Keepin' The Summer Alive

The Beach Boys

Brother/Caribou, 1980

http://www.thebeachboys.com

REVIEW BY: David Bowling

ORIGINALLY PUBLISHED: 06/23/2009

The problems for The Beach Boys continued as the 1980’s dawned. Brian Wilson was scheduled to produce their next album, but health issues forced him to withdraw again. Bruce Johnston stepped in to produce his second album for the group. Dennis Wilson left several days into the recording process and made no contributions.

When the dust settled, The Beach Boys had created an album that just missed. Playing Keepin’ The Summer Alive twenty-eight years after its release finds an album with fine vocals and good production. It is the song structures that are problematic. They are more quirky than catchy. Also, by 1980, music had moved irrevocably away from the sound The Beach Boys were capable of creating.

The album presents two songs by the unlikely duo of Carl Wilson and Randy Bachman. The title track features an excellent Carl Wilson vocal and fine guitar playing on the break. This song, co-written by Bachman, takes the group in a rock direction that, while different, may have been a positive step for them. Their second collaboration is less successful. “Living With A Heartache” is almost an easy listening vocal by Carl and needed more harmonies to flesh out the melody. bim_ad_daily_vault_print_250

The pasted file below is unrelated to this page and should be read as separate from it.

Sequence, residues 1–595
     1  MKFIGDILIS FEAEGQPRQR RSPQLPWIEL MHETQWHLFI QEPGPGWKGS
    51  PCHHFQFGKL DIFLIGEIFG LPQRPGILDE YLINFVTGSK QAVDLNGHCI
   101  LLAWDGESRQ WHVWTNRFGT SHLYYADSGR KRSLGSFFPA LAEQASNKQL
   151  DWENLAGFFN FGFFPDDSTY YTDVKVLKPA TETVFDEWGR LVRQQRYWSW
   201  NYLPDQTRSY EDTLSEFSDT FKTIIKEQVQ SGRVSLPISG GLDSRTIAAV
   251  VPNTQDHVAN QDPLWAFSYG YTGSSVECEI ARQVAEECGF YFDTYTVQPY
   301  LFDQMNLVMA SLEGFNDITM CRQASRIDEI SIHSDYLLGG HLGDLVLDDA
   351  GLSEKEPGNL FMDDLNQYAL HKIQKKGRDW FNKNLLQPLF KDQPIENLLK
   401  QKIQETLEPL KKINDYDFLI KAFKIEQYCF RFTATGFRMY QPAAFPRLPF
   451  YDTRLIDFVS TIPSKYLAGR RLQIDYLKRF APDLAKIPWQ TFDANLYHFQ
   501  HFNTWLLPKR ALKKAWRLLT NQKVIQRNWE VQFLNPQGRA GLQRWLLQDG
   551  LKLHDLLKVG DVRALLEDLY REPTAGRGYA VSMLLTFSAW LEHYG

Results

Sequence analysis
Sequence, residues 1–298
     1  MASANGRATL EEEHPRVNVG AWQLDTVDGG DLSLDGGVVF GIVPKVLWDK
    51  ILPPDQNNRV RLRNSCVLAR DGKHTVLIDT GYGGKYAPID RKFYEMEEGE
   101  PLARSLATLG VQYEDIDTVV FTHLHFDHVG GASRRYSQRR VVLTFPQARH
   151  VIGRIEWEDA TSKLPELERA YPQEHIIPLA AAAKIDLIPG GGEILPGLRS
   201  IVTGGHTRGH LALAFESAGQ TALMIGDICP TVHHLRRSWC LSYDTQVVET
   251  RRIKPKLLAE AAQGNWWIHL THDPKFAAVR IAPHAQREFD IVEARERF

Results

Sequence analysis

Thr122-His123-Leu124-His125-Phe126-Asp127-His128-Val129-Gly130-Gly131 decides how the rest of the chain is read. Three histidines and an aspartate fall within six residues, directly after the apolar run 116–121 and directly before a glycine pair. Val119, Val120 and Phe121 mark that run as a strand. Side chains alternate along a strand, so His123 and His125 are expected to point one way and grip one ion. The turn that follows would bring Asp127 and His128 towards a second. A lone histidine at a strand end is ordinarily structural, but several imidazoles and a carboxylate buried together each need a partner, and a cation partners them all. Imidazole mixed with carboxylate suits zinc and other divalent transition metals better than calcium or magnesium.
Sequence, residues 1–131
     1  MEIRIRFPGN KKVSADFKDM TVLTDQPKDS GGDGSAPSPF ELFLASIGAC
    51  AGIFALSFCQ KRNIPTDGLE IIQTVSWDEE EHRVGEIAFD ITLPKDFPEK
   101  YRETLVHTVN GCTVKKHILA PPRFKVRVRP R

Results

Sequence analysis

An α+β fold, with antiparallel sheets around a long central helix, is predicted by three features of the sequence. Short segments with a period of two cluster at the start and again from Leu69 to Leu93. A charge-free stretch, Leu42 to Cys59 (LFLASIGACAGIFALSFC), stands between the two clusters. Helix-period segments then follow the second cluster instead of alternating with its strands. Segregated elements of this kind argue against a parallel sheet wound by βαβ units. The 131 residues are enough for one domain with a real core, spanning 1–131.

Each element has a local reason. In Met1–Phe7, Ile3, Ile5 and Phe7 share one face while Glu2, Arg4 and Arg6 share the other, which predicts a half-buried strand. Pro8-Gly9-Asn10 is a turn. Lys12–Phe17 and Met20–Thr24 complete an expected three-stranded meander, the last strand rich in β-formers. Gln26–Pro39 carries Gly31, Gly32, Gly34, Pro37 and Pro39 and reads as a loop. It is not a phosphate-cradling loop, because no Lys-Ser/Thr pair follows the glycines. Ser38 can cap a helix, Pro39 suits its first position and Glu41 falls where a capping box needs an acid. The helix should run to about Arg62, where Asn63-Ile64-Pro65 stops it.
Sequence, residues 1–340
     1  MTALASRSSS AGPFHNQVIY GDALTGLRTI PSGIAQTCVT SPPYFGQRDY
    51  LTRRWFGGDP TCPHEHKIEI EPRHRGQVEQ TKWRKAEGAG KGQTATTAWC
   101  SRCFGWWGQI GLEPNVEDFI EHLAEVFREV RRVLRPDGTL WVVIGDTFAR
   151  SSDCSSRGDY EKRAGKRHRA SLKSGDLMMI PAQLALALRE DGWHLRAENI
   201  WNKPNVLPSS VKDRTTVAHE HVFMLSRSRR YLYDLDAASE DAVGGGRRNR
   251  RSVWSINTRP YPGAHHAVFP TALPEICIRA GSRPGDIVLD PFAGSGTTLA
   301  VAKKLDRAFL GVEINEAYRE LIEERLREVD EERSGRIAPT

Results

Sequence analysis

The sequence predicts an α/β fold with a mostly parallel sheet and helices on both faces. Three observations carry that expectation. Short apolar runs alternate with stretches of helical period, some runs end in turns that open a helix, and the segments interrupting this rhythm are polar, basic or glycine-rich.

“School Days (Ring! Ring! The Bell)” is a Chuck Berry cover that just does not work well for The Beach Boys. The harmonies sound forced and Berry’s original is just too unique and memorable to be copied.

“Goin’ On” features a unique duet by Carl Wilson and Mike Love. This vocal pairing works well against building harmonies, but it is an example of a song spoiled by a somewhat off kilter beat (although there is a great sax break). Likewise, “Sunshine,” is another song that just misses. It reminds me of music that played when riding a merry-go-round as a child. “Oh Darlin’,” written by Brian and sung by Carl, is almost a pleasant ballad but is somewhat spoiled by a heavy bass beat.

“Some Of Your Love” is the catchiest song on the album and features some traditional upbeat harmonies. Mike Love’s lead vocal is amazingly effective and this should have been a successful single.

As with their last several albums, Keepin’ The Summer Alive ends on a down note. “When Girls Get Together” is not well constructed, and the poor vocal by Love only makes it worse. “Santa Ana Winds” features good production but more nasal vocals from Love. “Endless Harmony” is a Bruce Johnston attempt at creating a pop song and while the lyrics are well-crafted, the melody does not flow.

Keepin’ The Summer Alive was the last studio album by the Beach Boys for five years. 1985 found a far different group trying to cope with the death of one its original members.

Rating: C

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© 2009 David Bowling and The Daily Vault. All rights reserved. Review or any portion may not be reproduced without written permission. Cover art is the intellectual property of Brother/Caribou, and is used for informational purposes only.